Just got flagged about this precious example of doing proactive disclosure wrong.
So here is a Shared Service Canada website dedicated the Roundtable on Information Technology Infrastructure. Obviously this is a topic of real interest to me – I write a fair bit about delivering (or failing to deliver) government service online effectively. I think it is great that Service Canada is reaching out to the private sector to try to learn lessons. Sadly, some of the links on the site didn’t work for me, specifically the important sounding: Summary of Discussions: Shared Services Canada Information and Communications Technology Sector Engagement Process.
Apparently, if you want a copy of the presentation the Minister made to the committee you have to request it.
That’s odd, since really, the cost of making it downloadable is essentially zero. While the cost of emailing someone and making them get it back to you, is well, a colossal waste of my, and that public servants, time. (Indeed, to demonstrate this to the government, I hope that everyone of my readers requests this document).
There are, in my mind, two explanations for this. The first, more ominous one, is that someone wants to create barriers to getting this document. Maybe that is the case – who knows.
The second, less ominous, but in some ways more depressing answer is that this is simply standard protocol, or worse, that no one involved in this site has the know how or access rights to upload the document.
Noted added 6 mins after posting: There is also a third reason, less innocuous than reasons one and two. That being that the government cannot post the document unless it is in both official languages. And since this presentation is only available in (likely) english, it cannot be posted. This actually feels the most likely and will be teeing up a whole new post shortly on bilingualism and transparency. The number of times I’m told a document or data set can’t be proactively shared because of language issues is frustratingly frequent. I’ve spoken to the Language Commissioner on this and believe more dialogue is required. Bilingualism cannot be an excuse for a poor experience, or worse, opaque government.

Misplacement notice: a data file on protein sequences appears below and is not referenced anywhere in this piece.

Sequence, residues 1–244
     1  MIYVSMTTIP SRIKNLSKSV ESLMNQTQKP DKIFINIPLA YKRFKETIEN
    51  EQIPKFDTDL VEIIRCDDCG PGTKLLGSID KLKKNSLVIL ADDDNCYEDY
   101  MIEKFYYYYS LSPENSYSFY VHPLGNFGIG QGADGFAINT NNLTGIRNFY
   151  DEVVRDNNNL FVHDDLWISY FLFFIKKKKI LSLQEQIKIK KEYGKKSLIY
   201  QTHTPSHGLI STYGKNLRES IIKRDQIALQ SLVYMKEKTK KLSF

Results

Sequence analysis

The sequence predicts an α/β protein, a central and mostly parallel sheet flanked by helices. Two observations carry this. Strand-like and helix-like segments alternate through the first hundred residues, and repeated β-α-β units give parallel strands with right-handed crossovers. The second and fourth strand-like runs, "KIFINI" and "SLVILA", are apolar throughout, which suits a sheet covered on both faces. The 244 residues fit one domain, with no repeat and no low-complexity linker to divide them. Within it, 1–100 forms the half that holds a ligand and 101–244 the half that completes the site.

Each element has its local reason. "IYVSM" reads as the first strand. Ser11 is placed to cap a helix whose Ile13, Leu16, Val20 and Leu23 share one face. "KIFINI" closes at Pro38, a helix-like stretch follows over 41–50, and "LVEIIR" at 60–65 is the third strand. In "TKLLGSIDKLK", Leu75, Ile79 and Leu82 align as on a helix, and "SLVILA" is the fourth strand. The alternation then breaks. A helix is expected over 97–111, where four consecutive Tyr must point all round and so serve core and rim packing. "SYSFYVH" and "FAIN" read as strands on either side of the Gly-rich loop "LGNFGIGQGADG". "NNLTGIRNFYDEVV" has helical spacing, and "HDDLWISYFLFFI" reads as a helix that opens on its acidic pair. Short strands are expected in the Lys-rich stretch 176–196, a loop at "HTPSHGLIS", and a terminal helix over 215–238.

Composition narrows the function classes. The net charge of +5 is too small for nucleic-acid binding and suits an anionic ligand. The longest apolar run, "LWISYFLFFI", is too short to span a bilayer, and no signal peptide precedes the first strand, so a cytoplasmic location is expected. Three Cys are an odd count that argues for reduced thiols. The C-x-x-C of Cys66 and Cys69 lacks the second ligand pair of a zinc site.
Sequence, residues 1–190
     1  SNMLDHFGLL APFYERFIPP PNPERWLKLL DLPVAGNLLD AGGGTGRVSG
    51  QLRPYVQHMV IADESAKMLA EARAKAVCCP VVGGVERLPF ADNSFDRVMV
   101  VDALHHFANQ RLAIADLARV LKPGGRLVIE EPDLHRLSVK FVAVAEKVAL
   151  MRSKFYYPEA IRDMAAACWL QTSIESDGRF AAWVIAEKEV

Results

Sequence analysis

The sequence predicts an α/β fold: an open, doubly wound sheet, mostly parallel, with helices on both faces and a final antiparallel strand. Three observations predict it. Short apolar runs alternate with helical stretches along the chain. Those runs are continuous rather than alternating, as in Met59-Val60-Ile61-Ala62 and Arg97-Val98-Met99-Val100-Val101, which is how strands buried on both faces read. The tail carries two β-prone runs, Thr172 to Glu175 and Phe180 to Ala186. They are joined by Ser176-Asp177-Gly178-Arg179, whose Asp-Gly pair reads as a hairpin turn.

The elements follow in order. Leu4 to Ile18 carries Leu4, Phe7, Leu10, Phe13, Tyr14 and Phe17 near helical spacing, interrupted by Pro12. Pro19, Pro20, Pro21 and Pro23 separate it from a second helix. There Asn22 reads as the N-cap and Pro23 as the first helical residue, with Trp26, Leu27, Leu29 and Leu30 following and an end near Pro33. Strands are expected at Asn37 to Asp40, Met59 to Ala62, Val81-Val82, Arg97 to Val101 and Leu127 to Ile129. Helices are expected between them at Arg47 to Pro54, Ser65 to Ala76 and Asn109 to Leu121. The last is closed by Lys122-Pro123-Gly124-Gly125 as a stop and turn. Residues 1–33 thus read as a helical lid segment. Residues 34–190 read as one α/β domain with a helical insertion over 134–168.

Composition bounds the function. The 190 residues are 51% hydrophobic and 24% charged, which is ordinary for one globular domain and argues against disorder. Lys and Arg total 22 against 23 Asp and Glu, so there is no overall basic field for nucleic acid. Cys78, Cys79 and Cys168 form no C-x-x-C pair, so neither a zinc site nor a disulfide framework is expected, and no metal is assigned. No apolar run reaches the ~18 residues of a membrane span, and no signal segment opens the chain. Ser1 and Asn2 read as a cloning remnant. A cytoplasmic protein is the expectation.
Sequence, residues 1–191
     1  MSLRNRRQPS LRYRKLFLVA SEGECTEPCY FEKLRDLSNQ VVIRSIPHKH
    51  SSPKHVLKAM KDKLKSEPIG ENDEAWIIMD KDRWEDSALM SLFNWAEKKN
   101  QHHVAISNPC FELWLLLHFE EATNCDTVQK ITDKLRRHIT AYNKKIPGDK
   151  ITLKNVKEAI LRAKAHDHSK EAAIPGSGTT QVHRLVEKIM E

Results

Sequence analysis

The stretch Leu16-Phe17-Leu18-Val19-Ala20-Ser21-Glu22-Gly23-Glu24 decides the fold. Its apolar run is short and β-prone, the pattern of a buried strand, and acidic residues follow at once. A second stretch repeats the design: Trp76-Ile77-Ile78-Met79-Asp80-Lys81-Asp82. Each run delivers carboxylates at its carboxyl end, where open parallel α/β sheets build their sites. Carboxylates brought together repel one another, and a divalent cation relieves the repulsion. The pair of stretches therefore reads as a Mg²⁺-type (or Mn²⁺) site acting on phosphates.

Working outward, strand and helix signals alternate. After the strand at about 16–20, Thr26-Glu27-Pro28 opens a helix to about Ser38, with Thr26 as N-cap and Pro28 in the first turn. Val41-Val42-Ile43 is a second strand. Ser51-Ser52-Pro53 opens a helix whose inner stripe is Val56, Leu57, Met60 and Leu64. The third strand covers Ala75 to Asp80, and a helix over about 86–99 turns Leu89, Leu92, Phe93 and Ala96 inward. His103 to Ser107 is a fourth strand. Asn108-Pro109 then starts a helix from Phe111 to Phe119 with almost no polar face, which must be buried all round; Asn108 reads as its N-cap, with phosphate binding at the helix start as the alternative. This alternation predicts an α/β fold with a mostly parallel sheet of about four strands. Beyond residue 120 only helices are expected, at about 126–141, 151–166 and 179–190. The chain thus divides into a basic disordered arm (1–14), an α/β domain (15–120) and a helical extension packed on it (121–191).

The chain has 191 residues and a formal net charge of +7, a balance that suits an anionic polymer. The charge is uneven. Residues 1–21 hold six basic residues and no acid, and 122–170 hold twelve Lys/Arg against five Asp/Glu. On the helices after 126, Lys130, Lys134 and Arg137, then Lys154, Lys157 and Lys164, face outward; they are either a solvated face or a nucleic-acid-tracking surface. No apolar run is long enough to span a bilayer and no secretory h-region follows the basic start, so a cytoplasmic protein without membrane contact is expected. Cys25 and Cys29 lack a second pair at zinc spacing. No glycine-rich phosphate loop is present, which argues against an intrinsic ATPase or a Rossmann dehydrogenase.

In either case, it is a sad outcome. Either our government is maliciously trying to make it difficult to get information to Canadians (true of most governments) or they don’t know how to.
Of course, you may be saying… but David – who cares if there is an added step to geting this document that is slightly inconvenient? Well, let me remind you THIS IS SHARED SERVICE CANADA AND IT IS ABOUT A COMMITTEE FOCUSED ON DELIVERING ONLINE SERVICES (INTERNALLY AND EXTERNALLY) MORE EFFECTIVELY. If there was one place where you wanted to show you were responsive, proactive and reducing the transaction costs to citizens… the kind of approach you were going to use to make all government service more efficient and effective… this would be it.
The icing on the cake? There is that beautiful “transparency” button right below the text that talks about how the government is interested in proactive disclosure (see screenshot below). I love the text here – this is exactly what I want my government to be doing.
And yet, this is experience, while I’m sure conforming to the letter of the policy, feels like it violates pretty much everything around the spirit of proactive disclosure. This is after all a document that has already been made public… and now we are requiring citizens to request it.
We have a lot of work to do.